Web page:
Unlike the CBSE, the ICSE requires that those taking Class X and Class XII examinations (called Indian Certificate of Secondary Education Examination and Indian School Certificate Examination respectively) must necessarily be enrolled in an ICSE affiliated school from the previous class itself. Changing schools after Class IX or Class XI, too, even when studying in an ICSE affiliated school, requires the approval of the Council, which is to be obtained by the Principal of the admitting school.

However, for admission to standard XI, the ICSE requires the student to have passed the Class X examination from a recognised Examination Board in five written subjects including English in one and the same sitting (i.e., without any compartmental examinations).

Private Candidates

The CBSE also allows Private Candidates to take the AISSCE, the AISSE, and the respective versions of these exams under the Delhi Scheme. Private Candidates for AISSCE and AISSE are those who had failed to qualify the exam previously or those Regular Candidates of the previous year who had been allotted a roll number for appearing in the examination but could not appear at the examination due to medical reasons except shortage of attendance.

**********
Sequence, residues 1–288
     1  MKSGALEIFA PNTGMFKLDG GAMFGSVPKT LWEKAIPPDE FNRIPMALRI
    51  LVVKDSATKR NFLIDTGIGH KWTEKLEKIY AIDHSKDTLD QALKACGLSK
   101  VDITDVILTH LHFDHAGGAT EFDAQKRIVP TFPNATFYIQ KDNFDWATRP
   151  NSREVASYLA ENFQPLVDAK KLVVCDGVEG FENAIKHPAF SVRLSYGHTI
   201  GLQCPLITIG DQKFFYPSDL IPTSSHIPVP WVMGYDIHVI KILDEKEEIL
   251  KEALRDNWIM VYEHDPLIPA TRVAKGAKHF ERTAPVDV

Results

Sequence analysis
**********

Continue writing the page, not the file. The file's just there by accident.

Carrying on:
Under the Delhi Scheme, Private Candidates include women candidates and physically disabled students who are bonafide residents of the National Capital Territory of Delhi who are compelled to appear as Private Candidates but have privately pursued the prescribed course under proper guidance. There are other additional conditions for such candidates that the student must check in the examination by-laws here.

The ICSE does not have as many relaxations but it does allow students to take a Supplementary Pass Certificate, if they already have been awarded Pass Certificates, in a subsequent year. It also allows students who had not been awarded Pass Certificates to re-appear for the examination with certain other conditions that can be found here.

Syllabus

The ICSE has three mandatory subjects – English, a second language, and Social Science (History, Civics, and Geography) – for the board examinations at the end of the 10th standard, which tests students on the course material for both the 9th and 10th standard. Students need to additionally choose three other subjects from available options. Maths and Science are not compulsory subjects, unlike the CBSE.

At the Senior Secondary level two languages – of which one has to either English or Hindi – are mandatory under the CBSE. English continues to be a mandatory subject under ICSE at the Senior Secondary level too.